Quiet Clubhouse, Quiet Loss
Saturday, September 3, 2005
The pennant race staggered back into town last night, directly into a fractured clubhouse tucked beneath the stands and down a few dusty halls at RFK Stadium. The physical problems with the Washington Nationals are evident, for in a key game against the team that leads the National League's wild-card race, all they could do was hand the ball to 33-year-old left-hander John Halama and hope.
That didn't work, and Halama's gruesome five-run third inning was the main reason for a listless 7-1 loss to the Philadelphia Phillies last night at RFK, where 28,939 fans -- the smallest crowd since June 10 -- all but yawned at the proceedings. The Nationals have now lost five of their last seven games, and their five hits against Philadelphia starter Vicente Padilla and two relievers give them 11 in their last three home games, a period in which they have scored just one run.
The theme of this team, however, has turned from the drama that takes place on the field and is now focused on what takes place back in the tiny clubhouse, perhaps the smallest home locker room in the majors. According to two sources, Manager Frank Robinson was disgusted with the environment during this week's series in Atlanta, and he banned pregame music -- once a staple -- and generally locked down on the hangers-on who paraded seemingly at will through the visitors clubhouse at Turner Field in Atlanta.
"He's the manager, man," third baseman Vinny Castilla said. "He put the rules down. We just work here."
The group doing the most work these days is the battered bullpen, which was called on for six innings and gave up just one run. Not that it mattered. The Nationals fell four games behind the Phillies in the wild-card race -- their largest deficit since charting the race mattered -- and must now salvage the final two games of this series to extend their chances.
But they will do it in an environment which is vastly different from the ebullient surroundings that characterized the first half of the season. Robinson, for the most part, has been careful not to question his team's effort. Yet he has a feel for this club, and he knows things aren't the same as they were in those long-ago glory days of June, when it seemed the Nationals couldn't lose at RFK. The atmosphere in the clubhouse is somehow different, even with the chance at hand, even with the team returning to its home field for a 10-game homestand.
"I don't get the same feel," Robinson said. "I don't get that same electricity, the same energy, about the situation now that I did at the beginning of the year. That is missing out of the clubhouse and this ballclub, that type of energy."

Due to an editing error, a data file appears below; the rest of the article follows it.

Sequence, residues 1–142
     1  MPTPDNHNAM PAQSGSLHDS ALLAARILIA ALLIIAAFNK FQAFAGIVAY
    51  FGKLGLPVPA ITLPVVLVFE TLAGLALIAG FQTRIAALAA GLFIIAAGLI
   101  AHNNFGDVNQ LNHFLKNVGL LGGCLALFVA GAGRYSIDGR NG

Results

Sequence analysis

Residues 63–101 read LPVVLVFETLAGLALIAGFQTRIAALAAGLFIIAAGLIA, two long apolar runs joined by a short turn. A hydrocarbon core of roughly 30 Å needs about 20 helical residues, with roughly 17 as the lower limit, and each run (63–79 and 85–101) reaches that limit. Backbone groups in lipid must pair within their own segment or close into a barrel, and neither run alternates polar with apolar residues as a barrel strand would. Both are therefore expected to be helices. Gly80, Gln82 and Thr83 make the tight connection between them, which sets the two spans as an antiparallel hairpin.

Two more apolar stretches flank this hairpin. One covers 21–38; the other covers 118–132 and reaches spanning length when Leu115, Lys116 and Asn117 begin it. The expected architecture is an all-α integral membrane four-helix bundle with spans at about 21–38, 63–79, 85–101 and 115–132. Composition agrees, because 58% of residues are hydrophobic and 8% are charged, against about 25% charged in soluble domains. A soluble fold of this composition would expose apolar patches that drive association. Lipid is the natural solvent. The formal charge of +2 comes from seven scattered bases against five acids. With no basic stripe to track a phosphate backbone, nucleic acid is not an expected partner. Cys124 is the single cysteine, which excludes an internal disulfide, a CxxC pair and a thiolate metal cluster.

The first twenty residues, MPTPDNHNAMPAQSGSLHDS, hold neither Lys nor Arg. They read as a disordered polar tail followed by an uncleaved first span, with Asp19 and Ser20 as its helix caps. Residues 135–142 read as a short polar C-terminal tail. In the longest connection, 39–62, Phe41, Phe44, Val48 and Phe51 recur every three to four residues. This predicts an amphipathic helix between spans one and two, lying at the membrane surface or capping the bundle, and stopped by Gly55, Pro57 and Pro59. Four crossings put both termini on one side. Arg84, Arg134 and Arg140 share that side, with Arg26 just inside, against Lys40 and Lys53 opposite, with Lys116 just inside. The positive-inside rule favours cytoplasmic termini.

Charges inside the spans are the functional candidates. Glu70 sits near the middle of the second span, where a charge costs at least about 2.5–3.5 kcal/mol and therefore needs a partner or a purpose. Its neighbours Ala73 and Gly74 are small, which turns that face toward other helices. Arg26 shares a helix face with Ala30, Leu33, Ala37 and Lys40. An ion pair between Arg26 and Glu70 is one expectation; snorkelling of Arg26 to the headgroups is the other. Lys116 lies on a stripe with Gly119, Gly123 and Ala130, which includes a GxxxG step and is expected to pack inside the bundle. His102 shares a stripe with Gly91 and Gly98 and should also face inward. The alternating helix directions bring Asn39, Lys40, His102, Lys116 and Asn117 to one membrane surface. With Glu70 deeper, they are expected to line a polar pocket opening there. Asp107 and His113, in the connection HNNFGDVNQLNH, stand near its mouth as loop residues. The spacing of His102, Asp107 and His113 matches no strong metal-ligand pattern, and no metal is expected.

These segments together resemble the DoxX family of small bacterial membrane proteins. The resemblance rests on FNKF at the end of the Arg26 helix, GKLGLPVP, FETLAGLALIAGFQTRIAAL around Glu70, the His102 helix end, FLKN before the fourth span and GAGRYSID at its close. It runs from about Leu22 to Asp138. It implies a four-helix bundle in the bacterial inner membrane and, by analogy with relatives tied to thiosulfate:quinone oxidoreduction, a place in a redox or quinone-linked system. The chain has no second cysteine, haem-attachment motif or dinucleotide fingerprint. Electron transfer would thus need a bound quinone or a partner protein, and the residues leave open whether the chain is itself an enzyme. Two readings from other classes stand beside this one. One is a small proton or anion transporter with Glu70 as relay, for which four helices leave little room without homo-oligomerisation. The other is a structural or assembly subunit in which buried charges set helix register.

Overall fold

Once Halama struggled through the third inning -- allowing five two-out runs, including David Bell's grand slam, to fall behind 6-1 -- there was very little in terms of energy. Afterward, in the clubhouse, outfielder Brad Wilkerson was asked about the mood of the team.
"I think it's getting a little ridiculous, to tell you the truth," Wilkerson said. "Hopefully -- I keep saying 'hopefully' -- we can get some momentum, get some confidence. But I think we got to want it. We got to realize what we're playing for. We're playing [teams] we're going to be going up against in the wild card.
"But now's the time. Now's the time to want it more than anything. And if we give it all we have and come up short, I can go home this offseason and work on next year. But if I had to go home right now, I wouldn't feel that way."
In the back of a nearly empty locker room, as Wilkerson spoke, Castilla joked with pitcher Esteban Loaiza, laughing loudly. Castilla was asked if he thought the team could still contend.
"How many games are left?" he asked. Twenty-seven, he was told. "Yeah, we're still in it," he responded. "We still got a chance."
Before the game, General Manager Jim Bowden, Robinson and the players themselves tried to maintain some balance between the urgency of the situation and the optimism that should come from hosting the wild-card leaders for three games.
"That's what you want, isn't it?" Bowden asked.
The clubhouse took on a much more serious tone. Yesterday afternoon, the music that usually pumps through the room was silent, and instead of watching music videos or playing cards -- the normal fare -- a few players plunked in front of the wide-screen TV looked at video of Padilla.
It didn't help. But it needs to. Soon.
"I'm very surprised about the attitudes and the stuff that's happening," Wilkerson said, "and I just can't understand why it seems the willingness to go out there and give it all you got and win, it's just not there."